- Pay attention to your bills, bank account statements, and credit report for any fraudulent activity. For example, withdrawals you didn’t make or purchases you didn’t authorize
- Report to your bank, credit union, or card issuers immediately if your card is lost
- Always change your debit card security code regularly as constant change can help you get out of a scam or theft.
- Have more than one bank account. If your checking account is compromised, you want to be able to access cash from another source to pay for necessities and meet your financial obligation
- Use Bank ATMs as they tend to have better security (video cameras) than automated teller machines at convenience stores, restaurants, and other places
- Use firewall, password, anti-virus, and anti-spyware software on your computer and mobile devices while keeping it up to date.
- Beware of Phishing Scams
- When checking your email or doing business online, make sure you know who you’re interacting with because an identity thief may set up a phishing website that looks like it belongs to your bank or another business you have an account with. In reality, the scammer is looking to get access to your personal information and may attempt to access your bank account.
Importance of Debit Card Security Code
- In the case of a merchant, a security code helps to validate the customer placing the online order isn’t pretending to have the debit card in his possession but has it and that the credit /debit card account is legitimate.
- The security code is only printed on the card. It doesn’t reflect on the magnetic stripe information nor does it appear on the sales receipt or billing statement.
- The debit card security code is crucial because it adds security to your account. It would be difficult to steal from your account without this code and any other information associated with it.
- The CVV can be used for card nonpresent transactions as requested by the card issuer or holder. Merchants are expected not to save the CVV for future purposes or reference that way anyone who checks the web-based payment interface has access to every other information except the CVV.
Limitations of the Debit Card Security Code
- The CSC is not immune to phishing that is why the cardholder must be careful not to be tricked into rendering fragile information.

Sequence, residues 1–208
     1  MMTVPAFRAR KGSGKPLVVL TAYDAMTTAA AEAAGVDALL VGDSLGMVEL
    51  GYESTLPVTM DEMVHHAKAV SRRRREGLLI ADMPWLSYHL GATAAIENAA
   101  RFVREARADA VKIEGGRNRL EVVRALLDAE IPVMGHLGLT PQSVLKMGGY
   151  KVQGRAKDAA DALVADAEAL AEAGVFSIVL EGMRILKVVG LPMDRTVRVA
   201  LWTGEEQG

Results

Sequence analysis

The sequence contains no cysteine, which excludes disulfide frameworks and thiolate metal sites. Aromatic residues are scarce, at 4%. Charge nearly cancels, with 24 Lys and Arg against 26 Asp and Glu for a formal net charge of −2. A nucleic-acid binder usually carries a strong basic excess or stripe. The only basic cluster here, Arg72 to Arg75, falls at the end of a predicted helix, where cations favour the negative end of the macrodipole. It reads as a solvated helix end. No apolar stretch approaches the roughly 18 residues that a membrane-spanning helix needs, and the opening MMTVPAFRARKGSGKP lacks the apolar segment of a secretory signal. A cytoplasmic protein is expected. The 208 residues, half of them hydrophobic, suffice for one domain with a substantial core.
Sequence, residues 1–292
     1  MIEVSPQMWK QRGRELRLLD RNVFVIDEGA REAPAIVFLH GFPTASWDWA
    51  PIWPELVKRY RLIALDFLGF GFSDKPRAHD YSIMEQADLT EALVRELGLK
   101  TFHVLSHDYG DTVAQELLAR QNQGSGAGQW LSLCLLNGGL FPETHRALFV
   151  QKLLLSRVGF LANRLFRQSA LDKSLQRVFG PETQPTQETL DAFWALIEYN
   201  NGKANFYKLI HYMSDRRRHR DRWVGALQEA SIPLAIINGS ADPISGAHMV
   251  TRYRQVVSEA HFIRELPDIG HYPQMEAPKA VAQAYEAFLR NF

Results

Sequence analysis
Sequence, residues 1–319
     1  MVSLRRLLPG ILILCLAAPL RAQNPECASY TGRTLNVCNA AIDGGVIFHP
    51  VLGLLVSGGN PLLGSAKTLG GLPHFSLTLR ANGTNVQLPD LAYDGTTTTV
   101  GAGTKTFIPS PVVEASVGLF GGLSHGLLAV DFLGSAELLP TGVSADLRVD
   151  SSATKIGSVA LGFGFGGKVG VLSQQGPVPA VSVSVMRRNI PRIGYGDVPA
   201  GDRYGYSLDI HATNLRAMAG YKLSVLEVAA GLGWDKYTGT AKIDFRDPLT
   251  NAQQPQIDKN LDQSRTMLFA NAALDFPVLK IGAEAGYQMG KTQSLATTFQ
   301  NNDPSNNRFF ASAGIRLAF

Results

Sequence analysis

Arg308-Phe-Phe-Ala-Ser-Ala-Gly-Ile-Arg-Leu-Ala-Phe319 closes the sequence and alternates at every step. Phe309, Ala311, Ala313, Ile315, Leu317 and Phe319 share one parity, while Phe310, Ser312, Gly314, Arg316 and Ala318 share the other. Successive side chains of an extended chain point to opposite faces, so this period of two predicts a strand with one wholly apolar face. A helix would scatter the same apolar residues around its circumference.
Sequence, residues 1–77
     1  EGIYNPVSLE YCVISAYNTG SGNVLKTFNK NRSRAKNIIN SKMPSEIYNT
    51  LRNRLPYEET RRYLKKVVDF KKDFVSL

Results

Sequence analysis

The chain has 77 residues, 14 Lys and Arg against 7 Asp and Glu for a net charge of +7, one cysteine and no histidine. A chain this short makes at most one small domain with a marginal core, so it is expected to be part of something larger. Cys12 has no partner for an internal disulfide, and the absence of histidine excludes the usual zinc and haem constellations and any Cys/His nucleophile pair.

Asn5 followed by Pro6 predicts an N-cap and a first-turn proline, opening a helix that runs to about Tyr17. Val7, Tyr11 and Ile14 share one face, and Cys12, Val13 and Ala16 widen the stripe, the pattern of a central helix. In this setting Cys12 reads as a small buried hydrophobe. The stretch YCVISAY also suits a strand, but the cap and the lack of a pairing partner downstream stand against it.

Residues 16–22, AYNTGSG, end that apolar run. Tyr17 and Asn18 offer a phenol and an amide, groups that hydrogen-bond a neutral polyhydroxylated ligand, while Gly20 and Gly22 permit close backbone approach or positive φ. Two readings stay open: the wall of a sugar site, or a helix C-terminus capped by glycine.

- Fraudulent activities may still be committed without the debit card security code
- Scammers can guess the CSC by using a distributive attack
What Is Phishing?
Phishing is a process of identity theft that relies on individuals unwittingly volunteering personal details or information that can be then be used for nefarious purposes.
It is often carried out through the making of a fraudulent website, email, or text appearing to represent a legitimate firm.
A scammer may use a fraudulent website that appears on the surface to look the same as a legitimate website.
Visitors to the site, thinking they are interacting with a real business, may tender their personal information, such as social security numbers, account numbers, login IDs, and passwords, to this site.
The scammers then use the information submitted to steal visitors’ money, identity, or both; or to sell the information to other criminal parties.
Phishing may also occur in the form of emails or texts from scammers that are made to appear as if they are sent from a legitimate business.
These fake emails or texts may install programs like ransomware that can allow scammers to access a victim’s computer or network.
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Types of Debit Card Security Codes
CVC1 or CVV1 is the first code encoded on track one and two of the magnetic stripe and used for card-present transactions with signature.
It is required to verify a payment card is actually in the hands of the merchant.
CVV2 or CVC2 on the other hand is the second code used by merchants for card not present exchange including online purchases in certain countries
How is the Debit Card Security Code Generated
The debit Card Security Code is generated by the card issuer when the card is issued. It is calculated by encrypting the bank card number and expiration date with encryption keys known only to the card issuer.
Don’t be fooled into giving out your debit card security code and when you do make sure it is to the right source and merchant.